When Elijah Bass tried to chase his grandson, Carl, out of the family kitchen in Gordon, Alabama, to toughen him up by assigning him, his brothers and his cousins outdoor chores, little could he imagine that Carl would become a US Marine and a baker. Nor probably did his grandmother, Amy Ruth Moore Bass, imagine that her summer sous-chef, visiting from New York, would in 1999 become proprietor of a Harlem Institution named in her honor and now is proprietor of this Atlantic City restaurant, Redding’s. Redding’s has 250 seats and features moderately-priced traditional and updated Southern food ranging from Fried Chicken and Waffles to BBQ Pigs Feet to Fresh Fried or Steamed Fish to Grilled Steaks and myriad side dishes like his 5-Green Stew. As with Amy Ruth’s, Redding’s features appetizers and entrees named for Rev. Sharpton (chicken and waffles), Harry Carson, the football Hall of Fame member (grilled rib-eye steak and waffles), and local religious and civic leaders. We had the opportunity recently to ask Carl, who is also a lifelong New York Giants fan, a few questions about Redding’s and his own culinary expertise:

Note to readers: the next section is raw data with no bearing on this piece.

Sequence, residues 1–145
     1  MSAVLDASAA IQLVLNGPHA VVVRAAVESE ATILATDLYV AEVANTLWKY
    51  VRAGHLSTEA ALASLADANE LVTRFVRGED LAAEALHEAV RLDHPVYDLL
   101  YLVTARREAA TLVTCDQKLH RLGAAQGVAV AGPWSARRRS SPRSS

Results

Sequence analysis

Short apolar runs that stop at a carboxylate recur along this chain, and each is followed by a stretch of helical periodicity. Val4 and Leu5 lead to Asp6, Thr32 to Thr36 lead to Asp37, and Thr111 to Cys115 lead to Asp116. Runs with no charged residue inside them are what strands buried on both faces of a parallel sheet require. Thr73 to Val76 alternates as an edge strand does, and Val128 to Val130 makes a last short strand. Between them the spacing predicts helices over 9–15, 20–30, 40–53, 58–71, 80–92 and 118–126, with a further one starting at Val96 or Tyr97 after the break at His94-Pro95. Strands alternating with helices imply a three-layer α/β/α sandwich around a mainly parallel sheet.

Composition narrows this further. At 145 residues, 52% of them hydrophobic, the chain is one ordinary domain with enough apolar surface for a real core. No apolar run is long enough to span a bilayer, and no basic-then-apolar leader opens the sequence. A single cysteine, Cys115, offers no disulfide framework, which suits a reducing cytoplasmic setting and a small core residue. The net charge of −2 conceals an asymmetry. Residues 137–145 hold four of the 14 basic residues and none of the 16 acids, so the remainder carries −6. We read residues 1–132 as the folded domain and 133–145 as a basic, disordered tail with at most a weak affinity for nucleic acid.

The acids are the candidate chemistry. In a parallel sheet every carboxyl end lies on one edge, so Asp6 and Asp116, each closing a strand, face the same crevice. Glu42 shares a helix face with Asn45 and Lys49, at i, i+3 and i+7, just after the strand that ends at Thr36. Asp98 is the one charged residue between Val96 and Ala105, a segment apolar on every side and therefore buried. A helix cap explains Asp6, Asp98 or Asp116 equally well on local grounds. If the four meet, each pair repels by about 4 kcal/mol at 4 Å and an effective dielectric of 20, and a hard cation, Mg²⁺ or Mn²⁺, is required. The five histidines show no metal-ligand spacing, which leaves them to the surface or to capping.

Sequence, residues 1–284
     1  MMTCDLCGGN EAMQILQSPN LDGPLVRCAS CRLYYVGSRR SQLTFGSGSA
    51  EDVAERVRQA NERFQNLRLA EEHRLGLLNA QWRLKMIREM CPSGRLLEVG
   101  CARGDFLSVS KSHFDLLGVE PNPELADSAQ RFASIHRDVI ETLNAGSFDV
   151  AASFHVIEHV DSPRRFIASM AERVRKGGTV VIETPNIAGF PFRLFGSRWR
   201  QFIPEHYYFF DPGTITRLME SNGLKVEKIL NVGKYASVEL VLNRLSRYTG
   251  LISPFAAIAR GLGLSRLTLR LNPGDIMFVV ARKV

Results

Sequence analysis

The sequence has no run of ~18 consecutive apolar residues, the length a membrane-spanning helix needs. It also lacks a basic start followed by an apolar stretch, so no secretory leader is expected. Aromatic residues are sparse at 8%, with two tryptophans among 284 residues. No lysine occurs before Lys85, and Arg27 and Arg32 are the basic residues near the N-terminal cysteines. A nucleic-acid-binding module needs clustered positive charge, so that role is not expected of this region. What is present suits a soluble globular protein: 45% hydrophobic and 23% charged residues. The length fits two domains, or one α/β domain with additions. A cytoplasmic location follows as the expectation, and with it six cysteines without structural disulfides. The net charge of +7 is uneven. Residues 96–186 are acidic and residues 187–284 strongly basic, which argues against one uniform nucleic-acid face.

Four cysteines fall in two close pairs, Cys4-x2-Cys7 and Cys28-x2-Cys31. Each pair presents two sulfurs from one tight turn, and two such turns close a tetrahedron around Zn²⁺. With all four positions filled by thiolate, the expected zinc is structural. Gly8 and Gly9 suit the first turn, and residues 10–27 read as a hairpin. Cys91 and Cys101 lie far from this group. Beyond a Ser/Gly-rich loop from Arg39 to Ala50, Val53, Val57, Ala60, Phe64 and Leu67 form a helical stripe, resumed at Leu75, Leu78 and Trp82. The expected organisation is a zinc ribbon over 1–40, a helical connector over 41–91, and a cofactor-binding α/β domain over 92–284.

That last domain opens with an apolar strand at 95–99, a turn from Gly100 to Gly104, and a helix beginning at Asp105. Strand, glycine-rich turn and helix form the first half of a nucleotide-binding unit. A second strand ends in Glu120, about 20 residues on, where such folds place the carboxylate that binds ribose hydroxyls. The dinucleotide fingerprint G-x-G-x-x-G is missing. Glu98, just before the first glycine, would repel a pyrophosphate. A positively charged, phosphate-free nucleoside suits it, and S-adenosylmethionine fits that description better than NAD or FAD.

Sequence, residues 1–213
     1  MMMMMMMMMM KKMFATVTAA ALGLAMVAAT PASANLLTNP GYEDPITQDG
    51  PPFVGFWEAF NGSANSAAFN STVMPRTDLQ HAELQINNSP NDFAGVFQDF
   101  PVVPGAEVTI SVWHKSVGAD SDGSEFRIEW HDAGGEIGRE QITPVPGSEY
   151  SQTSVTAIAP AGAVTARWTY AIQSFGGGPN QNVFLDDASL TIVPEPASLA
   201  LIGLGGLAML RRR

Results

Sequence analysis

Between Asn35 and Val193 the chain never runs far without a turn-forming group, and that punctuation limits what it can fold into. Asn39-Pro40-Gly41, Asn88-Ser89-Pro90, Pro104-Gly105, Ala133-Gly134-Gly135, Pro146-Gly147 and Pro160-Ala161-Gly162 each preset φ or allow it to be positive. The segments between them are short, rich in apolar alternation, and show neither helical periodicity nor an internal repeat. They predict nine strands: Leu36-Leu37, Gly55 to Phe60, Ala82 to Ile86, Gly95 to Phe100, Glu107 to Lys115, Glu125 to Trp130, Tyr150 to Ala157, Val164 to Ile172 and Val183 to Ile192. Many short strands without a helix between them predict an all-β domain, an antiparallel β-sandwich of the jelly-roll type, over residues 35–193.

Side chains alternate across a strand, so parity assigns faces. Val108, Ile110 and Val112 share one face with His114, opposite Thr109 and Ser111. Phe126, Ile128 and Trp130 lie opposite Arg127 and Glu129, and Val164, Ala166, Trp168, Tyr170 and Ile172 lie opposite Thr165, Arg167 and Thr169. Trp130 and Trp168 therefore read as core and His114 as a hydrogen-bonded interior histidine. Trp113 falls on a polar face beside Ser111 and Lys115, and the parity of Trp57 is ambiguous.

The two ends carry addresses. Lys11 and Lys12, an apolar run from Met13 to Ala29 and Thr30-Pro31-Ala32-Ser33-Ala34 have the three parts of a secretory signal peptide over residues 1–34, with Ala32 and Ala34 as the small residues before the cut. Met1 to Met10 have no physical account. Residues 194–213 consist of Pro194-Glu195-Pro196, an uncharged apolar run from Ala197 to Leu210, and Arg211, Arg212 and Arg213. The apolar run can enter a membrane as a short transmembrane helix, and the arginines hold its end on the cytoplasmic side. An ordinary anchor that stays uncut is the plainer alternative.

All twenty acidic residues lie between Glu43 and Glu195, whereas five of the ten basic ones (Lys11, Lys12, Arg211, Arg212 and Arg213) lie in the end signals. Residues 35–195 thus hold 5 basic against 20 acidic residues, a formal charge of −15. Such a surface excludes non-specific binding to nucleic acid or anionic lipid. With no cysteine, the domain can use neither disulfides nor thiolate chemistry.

Mikey’s Kitchen: You are a prime example of someone who has a passion and pursues a dream. What advice would you give a young chef who had a similar ambition but was just starting out?
Carl Redding: The advice that I would give to my young contemporary would be to pursue your dream through education and through experience. I didn’t attend a college or university for culinary and arts. However, I did pursue it by way of the United States Marine Corps. I probably learned more in the military than by way of a college. As a young boy I garnered as much experience in the kitchen because my Granddad would always tell me that if I wanted to work in someone’s kitchen, I would have to have a certain level of experience. Experience plus the knowledge will give you most certain success in anyone’s kitchen.
MK: What prompted you to name the waffles after celebrities?
CR: I name dishes after people so that there is a connect with my restaurant and the community. I also do this to honor those folks who normally do not get an opportunity to be honored.